When ingested, the Allium species of plants can cause gastrointestinal irritation and can also lead to damage of red blood cells. Members of this species include onions, garlic, chives and leeks.

shallots and garlic

No matter the state of the Allium (cooked, dried, processed or spoiled) the toxicity concern remains. Please note that onion powder, sometimes used in homemade pet diets, is included in this category. While the occasional low dose of these products (found in some pet foods or treats) will not likely cause toxicity, it is extremely important that you limit your pets intake of these foods.

In addition to dogs and cats, birds are also indicated for this toxicity.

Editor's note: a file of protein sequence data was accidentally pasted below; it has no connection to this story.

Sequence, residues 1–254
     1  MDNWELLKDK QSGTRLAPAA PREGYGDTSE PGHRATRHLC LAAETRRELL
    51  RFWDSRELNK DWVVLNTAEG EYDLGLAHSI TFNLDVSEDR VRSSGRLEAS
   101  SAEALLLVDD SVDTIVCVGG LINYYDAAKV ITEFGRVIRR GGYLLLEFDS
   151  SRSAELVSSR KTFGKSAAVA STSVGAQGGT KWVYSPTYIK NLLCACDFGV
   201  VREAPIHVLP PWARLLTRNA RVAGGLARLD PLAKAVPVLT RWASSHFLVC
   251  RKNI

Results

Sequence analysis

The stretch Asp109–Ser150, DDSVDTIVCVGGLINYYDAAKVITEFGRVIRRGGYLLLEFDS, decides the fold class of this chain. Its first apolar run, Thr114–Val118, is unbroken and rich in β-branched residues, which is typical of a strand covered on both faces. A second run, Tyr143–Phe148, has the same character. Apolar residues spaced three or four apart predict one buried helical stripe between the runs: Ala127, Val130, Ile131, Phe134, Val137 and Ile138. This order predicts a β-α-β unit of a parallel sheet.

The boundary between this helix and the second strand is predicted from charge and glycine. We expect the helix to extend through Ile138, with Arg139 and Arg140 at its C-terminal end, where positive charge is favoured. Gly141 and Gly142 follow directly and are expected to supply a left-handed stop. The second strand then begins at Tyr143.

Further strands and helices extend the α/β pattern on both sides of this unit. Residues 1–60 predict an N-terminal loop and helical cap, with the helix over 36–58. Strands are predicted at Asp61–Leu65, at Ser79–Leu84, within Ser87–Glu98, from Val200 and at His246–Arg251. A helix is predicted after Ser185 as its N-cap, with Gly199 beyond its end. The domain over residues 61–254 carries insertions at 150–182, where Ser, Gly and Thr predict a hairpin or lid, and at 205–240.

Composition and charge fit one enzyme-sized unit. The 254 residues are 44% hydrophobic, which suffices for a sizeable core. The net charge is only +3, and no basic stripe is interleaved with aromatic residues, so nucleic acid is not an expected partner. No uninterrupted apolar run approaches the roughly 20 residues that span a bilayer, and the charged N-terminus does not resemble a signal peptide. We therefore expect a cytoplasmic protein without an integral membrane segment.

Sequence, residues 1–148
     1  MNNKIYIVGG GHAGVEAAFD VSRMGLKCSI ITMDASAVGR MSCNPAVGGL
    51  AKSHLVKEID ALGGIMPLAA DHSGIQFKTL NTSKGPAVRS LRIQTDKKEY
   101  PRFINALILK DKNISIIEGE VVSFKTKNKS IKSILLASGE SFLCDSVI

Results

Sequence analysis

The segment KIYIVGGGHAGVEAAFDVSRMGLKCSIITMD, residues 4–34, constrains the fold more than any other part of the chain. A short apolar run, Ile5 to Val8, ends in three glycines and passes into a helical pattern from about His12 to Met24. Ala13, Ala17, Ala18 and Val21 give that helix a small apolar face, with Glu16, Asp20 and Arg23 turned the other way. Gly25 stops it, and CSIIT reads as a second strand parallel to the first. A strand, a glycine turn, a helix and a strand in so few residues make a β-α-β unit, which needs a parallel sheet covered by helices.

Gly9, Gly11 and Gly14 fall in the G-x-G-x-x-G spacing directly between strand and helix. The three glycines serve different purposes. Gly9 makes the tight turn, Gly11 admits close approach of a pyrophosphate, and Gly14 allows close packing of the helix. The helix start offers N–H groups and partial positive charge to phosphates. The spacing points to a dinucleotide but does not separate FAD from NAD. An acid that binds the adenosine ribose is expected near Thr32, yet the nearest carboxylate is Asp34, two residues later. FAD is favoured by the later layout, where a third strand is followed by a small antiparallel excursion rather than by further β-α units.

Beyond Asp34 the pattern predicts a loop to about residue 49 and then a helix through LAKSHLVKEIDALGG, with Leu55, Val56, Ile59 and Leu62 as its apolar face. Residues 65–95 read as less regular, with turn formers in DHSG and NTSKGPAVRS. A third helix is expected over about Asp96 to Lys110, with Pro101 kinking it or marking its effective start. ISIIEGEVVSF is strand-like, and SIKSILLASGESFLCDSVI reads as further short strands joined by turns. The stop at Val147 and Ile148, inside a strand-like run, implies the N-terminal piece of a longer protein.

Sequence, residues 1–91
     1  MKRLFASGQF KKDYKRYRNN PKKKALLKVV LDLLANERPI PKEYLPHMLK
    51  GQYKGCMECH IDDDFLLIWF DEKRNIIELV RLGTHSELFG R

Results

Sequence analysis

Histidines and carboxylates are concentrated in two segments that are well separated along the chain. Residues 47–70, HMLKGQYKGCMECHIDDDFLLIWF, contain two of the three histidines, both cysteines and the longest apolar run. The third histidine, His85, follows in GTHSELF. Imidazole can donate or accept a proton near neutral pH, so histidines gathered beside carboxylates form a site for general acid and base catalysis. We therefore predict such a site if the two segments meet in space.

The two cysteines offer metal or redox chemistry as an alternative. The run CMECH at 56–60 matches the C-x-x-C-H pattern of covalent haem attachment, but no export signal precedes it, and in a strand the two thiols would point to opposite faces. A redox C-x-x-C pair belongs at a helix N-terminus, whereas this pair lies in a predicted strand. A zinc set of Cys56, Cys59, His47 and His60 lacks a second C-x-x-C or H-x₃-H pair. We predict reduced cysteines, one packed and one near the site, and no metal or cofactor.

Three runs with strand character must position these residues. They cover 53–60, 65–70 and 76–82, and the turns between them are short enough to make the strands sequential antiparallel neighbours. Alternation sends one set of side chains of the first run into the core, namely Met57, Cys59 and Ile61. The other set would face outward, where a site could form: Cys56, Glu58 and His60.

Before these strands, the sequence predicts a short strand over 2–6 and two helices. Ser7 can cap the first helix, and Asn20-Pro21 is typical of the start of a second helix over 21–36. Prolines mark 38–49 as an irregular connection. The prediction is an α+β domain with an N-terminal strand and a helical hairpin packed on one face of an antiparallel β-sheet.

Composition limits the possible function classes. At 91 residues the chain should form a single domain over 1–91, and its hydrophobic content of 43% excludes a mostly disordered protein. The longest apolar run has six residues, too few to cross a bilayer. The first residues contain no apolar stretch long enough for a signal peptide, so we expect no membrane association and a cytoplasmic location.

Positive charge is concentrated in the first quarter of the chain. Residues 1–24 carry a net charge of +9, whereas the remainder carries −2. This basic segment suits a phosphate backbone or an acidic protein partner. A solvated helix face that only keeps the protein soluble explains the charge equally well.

Signs and symptoms of toxicity: vomiting, diarrhea, lethargy, difficulty breathing, rapid heart beat, refusal to eat, and oral/esophageal/gastric pain. Signs may not occur until several days after ingestion.

Toxic Consumption: Toxicosis may occur if 0.5% or more of the animal’s body weight is ingested.

Dogs: Allium Toxic Consumption
X-Small
Yorkie, Chihuahua
Small
Pug, Boston Terrier, Poodle
Medium
Beagle, Scottish Terrier
Large
Boxer, Cocker Spaniel
X-Large
Retriever, German Shepherd
XX-Large
Great Dane, St. Bernard
1 – 10 lbs.
(0.45 – 4.6 kg)
11 – 25 lbs.
(5 – 11.4 kg)
26 – 40 lbs.
(11.8 – 18.2 kg)
41 – 70 lbs.
(18.6 – 31.8 kg)
71 – 90 lbs.
(32.3 – 40.9 kg)
91 – 110 lbs.
(41.4 – 50 kg)
dog1 dog2 dog3 dog4 dog7 dog6
> 0.075 oz > 0.85 oz > 2 oz > 3.25 oz > 5.5 oz > 7.3 oz

 

Cats: Allium Toxic Consumption
Most Cats

Large Cats
1 – 10 lbs.
(0.45 – 4.6 kg)
11 – 25 lbs.
(5 – 11.4 kg)
cat1 fat cat
> 0.075 oz > 0.85 oz

References:
– Osweiler, G, et al. (2011). Blackwell’s five-minute veterinary consult clinical companion. Small Animal Toxicology. [Kindle version]. Retrieved from Amazon.com